Written by Sarah NEGEDU

FCTA warns sex workers: You’re not essential service

The Federal Capital Territory Administration, FCTA, has warned sex workers and operators of nightclubs and bars across the city not to operate until the COVID-19 restriction is lifted.

Mr. Ikharo Attah, Chairman, FCT Task Team on COVID-19, handed down the warning, Saturday, while monitoring compliance with the regulations at Kubwa, Gwarimpa and Wuse areas of the nation’s capital.

Attah told journalists after the operation, “The ban on nightclubs, parks and bars is yet to be lifted, hence the need for us to sustain routine inspection and ensure compliance. We believe that if we relax our vigilance, with the rise in the number of COVID-19 cases, it would not be good for the city.”

While expressing satisfaction with the compliance level by the nightclub operators, Attah complained about the high number of suspected sex workers around buildings housing the nightclubs in Kubwa.

He noted, “The presence of the ‘ladies of the night’ is a violation of the curfew because they are not on the exemption list of essential workers. Their presence made us carry out full checks on some nightclubs which were truly closed.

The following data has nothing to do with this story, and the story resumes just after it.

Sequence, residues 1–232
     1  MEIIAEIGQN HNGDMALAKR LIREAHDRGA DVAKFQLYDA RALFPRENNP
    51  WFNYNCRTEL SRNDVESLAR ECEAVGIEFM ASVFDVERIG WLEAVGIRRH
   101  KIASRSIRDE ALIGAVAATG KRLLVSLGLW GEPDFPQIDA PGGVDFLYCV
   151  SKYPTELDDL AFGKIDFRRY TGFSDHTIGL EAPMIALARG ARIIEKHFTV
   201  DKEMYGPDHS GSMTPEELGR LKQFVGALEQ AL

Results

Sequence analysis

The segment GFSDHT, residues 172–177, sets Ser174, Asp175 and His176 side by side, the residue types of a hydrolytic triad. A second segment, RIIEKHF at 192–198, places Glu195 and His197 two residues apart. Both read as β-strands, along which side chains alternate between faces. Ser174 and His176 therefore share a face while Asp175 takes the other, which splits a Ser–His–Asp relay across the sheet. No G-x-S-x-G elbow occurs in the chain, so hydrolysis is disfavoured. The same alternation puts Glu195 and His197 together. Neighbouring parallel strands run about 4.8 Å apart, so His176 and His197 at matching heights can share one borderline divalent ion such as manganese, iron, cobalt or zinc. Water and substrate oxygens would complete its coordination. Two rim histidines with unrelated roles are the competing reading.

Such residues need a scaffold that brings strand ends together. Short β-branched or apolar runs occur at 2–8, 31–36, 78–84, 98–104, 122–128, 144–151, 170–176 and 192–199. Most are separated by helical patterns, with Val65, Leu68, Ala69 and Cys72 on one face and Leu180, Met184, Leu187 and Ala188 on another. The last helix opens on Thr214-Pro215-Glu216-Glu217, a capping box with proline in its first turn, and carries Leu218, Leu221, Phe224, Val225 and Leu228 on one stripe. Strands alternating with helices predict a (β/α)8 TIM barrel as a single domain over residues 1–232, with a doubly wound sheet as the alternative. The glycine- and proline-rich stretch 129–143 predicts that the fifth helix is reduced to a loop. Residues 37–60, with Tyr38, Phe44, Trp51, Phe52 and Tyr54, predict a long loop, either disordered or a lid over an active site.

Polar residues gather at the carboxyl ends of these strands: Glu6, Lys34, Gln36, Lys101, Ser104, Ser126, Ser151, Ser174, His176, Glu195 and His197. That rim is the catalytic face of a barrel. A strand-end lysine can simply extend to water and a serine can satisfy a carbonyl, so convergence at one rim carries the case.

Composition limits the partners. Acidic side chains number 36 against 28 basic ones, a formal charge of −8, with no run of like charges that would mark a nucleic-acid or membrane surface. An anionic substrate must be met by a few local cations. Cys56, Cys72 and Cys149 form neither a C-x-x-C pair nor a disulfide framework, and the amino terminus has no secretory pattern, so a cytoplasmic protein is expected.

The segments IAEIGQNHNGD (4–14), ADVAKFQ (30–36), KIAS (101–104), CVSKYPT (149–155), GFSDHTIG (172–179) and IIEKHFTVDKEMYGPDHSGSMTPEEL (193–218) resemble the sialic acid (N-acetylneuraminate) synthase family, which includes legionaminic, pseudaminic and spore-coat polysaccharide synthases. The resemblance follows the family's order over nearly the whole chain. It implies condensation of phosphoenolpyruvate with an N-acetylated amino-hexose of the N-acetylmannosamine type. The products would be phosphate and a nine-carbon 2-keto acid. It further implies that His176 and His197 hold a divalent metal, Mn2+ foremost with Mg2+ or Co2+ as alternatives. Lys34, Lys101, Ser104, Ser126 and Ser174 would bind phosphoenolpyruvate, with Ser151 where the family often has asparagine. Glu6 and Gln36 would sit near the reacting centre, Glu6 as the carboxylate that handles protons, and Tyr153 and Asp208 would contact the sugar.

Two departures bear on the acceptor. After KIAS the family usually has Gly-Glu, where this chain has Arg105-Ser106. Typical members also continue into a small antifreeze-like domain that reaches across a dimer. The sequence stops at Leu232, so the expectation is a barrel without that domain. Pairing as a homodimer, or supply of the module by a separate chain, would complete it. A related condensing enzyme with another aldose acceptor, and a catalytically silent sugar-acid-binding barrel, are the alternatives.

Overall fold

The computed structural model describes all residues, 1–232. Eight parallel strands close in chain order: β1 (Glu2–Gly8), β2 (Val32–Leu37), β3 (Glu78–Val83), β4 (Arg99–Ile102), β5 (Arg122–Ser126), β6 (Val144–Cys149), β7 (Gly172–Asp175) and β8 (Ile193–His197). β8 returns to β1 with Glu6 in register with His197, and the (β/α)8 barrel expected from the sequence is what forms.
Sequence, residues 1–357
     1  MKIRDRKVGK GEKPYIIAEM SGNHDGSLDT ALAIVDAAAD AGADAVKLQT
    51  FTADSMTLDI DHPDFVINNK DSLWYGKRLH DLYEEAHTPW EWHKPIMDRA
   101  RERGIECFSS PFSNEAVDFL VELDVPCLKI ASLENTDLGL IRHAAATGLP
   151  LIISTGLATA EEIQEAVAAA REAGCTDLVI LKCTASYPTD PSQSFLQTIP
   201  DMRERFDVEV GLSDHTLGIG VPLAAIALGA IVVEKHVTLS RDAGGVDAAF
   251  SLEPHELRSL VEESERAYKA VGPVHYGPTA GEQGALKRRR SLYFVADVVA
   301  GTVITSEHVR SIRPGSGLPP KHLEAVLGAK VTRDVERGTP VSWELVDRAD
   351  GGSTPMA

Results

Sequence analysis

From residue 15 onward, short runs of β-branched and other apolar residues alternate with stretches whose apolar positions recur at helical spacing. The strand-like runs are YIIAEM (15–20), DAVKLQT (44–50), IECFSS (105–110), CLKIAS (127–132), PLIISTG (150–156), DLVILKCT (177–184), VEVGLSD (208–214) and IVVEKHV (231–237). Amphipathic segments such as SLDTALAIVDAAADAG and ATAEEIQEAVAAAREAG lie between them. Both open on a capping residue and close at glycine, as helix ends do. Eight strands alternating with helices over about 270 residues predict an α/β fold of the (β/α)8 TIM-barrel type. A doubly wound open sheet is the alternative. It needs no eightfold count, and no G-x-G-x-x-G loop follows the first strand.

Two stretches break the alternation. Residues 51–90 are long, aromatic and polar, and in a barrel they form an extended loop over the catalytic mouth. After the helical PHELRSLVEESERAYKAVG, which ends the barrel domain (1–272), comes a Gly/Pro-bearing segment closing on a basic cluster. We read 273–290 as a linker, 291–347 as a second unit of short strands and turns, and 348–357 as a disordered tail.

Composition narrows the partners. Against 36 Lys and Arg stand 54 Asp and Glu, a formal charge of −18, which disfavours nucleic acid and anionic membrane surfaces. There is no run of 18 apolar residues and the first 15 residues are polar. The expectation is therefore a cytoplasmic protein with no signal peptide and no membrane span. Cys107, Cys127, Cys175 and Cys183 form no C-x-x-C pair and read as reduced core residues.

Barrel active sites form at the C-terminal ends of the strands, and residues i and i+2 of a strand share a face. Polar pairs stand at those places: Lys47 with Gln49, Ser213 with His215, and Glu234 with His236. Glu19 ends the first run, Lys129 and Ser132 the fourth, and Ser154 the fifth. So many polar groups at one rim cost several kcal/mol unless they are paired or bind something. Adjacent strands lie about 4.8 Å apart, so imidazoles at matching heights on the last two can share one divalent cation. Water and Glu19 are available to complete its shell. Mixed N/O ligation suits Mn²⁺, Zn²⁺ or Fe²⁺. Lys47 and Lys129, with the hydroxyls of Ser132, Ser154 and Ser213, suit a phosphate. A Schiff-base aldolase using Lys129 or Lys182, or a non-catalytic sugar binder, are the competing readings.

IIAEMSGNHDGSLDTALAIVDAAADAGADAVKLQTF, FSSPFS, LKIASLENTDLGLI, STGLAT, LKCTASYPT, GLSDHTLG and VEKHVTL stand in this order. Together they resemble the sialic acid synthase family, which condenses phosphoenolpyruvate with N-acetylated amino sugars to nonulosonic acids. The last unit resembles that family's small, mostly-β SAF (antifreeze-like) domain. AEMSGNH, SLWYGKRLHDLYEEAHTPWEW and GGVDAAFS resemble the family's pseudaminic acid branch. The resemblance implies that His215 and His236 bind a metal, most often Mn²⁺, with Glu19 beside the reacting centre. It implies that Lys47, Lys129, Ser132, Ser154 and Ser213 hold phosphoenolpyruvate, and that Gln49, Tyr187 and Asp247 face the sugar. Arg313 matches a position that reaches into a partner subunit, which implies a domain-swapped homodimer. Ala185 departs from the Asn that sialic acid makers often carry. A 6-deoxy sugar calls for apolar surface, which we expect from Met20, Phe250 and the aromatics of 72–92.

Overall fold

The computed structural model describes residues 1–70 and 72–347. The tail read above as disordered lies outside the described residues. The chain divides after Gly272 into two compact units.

“At moments like these, we expect them to stop the unholy trade in their own interest because the men who may patronise them may be COVID-19 positive.”

However, the National Coordinator, Nigeria Sex Workers Association, Amaka Enemo, has bemoaned the effect of the COVID-19 pandemic.

Enemo insisted that sex workers offer “essential services,” but they continue to remain indoors because their services involve “substantial bodily contact.”

“Sex workers also offer essential services. However, there is no way sex workers can do their work without body contact. So, they are staying at home to watch what happens.

“The government has announced a lockdown and as law-abiding citizens, we will not flout the law. If the government says sit at home, we will all obey because nobody wants to die.

“We fall under essential services but ours is peculiar because of the nature of body contact.

“You cannot compare it to doctors because the doctors are not making full body contact with people the way we do.”




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